We picked up our maps and spotted a cider house on the side of the road - what we found that cider here is apple juice and hard cider is the stuff which contains alcohol. It was pretty good too.
Map Reading with a Hard Cider
Our first day on the tops and it was so rainy the woman in the national park office thought we were totally mad going out for a hike. We set off to climb The Chin in Mount Mansfield National Park - Mount Mansfield is the highest peak but you can drive to the top or take a cable car, so we opted to avoid that side. The good news was there was no one else out there and it wasn't too cold but as we got higher the winds were just so strong it became dangerous so for the first time ever we turned back on a mountain summit attempt.
Hold onto your hat stuff

Tough going on our first day hiking
We returned to the park and opted to return to the hotel for a soak in the hot tub, we met a lovely Canadian family and then crashed in the room with internet TV and a meal I bought from the boat - cheap night!!

The next day the weather was quite a bit better and we climbed Mount Hunger (3540 ft) - it was a straight up and down climb which was a bit challenging for our old knees but the scenery and views were spectacular, complete with a Waterfall and wildlife.

Mount Huner - quite steep at the top

From the top of Mount Hunger

Chip Munk

Not sure what he was
That night we had a dinner reservation at Hen of the Wood - a restaurant we found randomly and oh my gosh what a find - this was the best meal I have had since we arrived in the US; coupled with an incredible setting and perfect service. It was so good we made a restoration to come back on our last night in Vermont.

Wednesday was the Camels Hump, which involved part of the Long Trial and yes the knees were painful but we couldn't miss this one - such an iconic Mountain in the area.
Off we go again!!

View from Camels Hump

Selfie from the top

The Hump

A rest near the bottom
Beer is a big deal in Vermont and there was so much to choose from, some beers are so famous they limit how much one person can buy like Heady Topper - we found this amazing beer store that had so many to choose from and even pour their own Growlers - Andrew was in his element.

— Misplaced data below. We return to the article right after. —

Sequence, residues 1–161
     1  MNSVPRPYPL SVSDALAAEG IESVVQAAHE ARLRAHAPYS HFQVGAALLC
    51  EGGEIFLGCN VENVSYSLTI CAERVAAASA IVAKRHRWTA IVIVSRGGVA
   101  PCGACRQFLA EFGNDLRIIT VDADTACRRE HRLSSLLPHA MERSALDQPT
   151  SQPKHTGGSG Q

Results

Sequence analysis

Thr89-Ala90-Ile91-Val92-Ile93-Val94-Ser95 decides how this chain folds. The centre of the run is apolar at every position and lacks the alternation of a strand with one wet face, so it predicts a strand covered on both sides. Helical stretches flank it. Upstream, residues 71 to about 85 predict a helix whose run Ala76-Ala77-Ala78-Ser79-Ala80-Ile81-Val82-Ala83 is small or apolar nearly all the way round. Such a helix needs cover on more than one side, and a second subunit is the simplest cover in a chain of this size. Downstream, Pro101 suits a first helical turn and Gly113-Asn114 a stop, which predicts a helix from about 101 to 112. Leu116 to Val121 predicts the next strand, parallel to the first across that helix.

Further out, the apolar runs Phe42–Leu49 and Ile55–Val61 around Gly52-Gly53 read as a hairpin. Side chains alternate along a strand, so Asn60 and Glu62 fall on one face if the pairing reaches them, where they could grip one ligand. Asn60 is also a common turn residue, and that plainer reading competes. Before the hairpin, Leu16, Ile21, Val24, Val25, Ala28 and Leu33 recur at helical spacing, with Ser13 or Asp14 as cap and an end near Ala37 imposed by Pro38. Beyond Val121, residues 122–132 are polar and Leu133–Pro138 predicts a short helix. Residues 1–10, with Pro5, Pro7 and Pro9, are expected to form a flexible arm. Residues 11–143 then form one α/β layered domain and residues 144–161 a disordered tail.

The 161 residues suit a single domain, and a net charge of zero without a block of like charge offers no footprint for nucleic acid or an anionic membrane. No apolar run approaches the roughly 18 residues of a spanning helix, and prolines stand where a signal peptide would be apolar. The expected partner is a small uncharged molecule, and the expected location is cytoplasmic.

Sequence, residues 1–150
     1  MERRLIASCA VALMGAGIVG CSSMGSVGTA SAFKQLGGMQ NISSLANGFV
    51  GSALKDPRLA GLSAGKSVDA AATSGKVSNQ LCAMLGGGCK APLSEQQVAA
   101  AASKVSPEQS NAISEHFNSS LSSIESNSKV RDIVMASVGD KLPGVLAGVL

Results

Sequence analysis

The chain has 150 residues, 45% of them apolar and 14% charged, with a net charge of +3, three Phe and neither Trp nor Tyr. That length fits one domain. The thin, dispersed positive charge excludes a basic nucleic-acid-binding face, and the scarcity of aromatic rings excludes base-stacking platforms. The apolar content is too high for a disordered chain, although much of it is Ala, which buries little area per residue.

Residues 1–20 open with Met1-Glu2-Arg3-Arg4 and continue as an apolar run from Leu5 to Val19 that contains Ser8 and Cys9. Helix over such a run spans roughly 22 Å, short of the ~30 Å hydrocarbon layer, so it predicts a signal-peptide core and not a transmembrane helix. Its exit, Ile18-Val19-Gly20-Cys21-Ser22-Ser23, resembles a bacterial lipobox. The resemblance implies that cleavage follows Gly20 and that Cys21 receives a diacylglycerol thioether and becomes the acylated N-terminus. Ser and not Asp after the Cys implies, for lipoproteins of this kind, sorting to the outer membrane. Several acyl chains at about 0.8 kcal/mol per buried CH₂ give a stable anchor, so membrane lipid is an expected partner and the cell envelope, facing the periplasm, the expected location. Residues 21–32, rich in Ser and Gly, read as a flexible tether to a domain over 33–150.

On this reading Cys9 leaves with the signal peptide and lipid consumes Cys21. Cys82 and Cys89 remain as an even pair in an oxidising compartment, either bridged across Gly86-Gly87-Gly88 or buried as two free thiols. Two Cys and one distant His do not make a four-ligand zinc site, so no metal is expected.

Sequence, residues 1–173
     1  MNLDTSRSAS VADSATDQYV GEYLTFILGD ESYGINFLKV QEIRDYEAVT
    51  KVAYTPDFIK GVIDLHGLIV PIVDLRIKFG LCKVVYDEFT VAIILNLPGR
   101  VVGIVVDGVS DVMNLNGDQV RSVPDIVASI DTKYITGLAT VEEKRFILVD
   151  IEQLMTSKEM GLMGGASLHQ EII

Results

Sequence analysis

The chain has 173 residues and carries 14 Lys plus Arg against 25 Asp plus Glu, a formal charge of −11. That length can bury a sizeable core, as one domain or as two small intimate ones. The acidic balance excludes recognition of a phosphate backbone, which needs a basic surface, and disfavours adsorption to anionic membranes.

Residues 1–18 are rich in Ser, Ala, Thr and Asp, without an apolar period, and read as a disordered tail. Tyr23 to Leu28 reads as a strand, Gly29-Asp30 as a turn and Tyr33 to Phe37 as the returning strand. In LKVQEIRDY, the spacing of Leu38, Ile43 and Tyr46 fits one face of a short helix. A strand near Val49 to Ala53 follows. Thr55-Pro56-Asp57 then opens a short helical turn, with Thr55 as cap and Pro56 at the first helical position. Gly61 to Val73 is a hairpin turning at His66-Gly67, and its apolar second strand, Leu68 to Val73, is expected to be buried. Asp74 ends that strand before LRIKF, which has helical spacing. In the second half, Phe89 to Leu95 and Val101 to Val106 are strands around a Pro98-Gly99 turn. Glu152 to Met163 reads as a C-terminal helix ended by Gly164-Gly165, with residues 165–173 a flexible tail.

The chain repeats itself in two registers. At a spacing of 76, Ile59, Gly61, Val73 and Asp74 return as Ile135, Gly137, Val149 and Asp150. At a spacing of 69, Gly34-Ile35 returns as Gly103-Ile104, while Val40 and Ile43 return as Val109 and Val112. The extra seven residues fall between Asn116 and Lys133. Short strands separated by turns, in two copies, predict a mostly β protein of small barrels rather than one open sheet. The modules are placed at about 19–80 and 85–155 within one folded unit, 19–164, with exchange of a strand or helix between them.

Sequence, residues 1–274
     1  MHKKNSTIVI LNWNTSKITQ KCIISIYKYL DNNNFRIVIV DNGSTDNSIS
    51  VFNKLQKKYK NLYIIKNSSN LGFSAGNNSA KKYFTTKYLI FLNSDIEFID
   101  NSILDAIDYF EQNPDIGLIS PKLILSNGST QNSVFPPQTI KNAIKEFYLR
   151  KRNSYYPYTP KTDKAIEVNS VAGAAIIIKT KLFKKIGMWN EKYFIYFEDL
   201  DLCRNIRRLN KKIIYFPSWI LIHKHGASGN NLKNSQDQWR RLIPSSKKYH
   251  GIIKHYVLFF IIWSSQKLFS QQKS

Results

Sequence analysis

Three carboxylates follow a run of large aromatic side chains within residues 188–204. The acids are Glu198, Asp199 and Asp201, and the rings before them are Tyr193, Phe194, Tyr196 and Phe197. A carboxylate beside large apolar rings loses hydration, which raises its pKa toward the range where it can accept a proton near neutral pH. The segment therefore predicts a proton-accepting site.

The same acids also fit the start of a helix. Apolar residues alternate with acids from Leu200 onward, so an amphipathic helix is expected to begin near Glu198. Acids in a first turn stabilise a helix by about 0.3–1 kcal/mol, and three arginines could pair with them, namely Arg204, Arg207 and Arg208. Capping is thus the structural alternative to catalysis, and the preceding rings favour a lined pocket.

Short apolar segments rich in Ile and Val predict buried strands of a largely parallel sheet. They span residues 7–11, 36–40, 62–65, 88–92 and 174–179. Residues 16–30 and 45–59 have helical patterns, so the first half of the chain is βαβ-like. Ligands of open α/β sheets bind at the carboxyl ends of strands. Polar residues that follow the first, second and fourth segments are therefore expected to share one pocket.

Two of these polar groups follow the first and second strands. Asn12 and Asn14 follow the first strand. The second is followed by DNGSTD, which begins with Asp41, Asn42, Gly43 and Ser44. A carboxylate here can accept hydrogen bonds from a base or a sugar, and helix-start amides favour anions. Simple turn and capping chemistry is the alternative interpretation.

Beer Galore
For our last day hiking the rain returned so we opted for a gentle walk in Little River National Park - a nice loop that went through old settlements and a saw mill including a few remnants along the way. This was a great camping area too right on a reservoir. We called into the Cabot Factory Shop on the way home and picked up some good cheese - although their slogan have the 'best cheddar in the world' was a bit questionable..... some of the people we met in store didn't know Cheddar was a place?!?

Little River State Park

An old engine on the walk
That night it poured with rain but it let up just a bit to allow us to get out to Hen of the Wood again for a warm welcome back. Honestly if you are in the area you have to try this place set in an old mill - such good food.
Waterfall at the Hen of the Wood
We stocked up on fantastic Vermont produce at the Hunger Mountain Coop and made it safely back to Kittery Maine, crossing the fast running river at Piscataqua Bridge - we hadn't seen a Moose in Vermont so I was excited to find one at the Kittery Trading Post!


Friday, July 21, 2017

Gloucester to Portsmouth via Iles of Shoals

We had a really nice relaxing sail from Gloucester in gentle winds and it was such a beautiful day we decided to call in to the Iles of Shoals for lunch on the way to Portsmouth Harbour - where we had a booking at Kittery Point which was our first stop in Maine - the river is the boarder between the two states.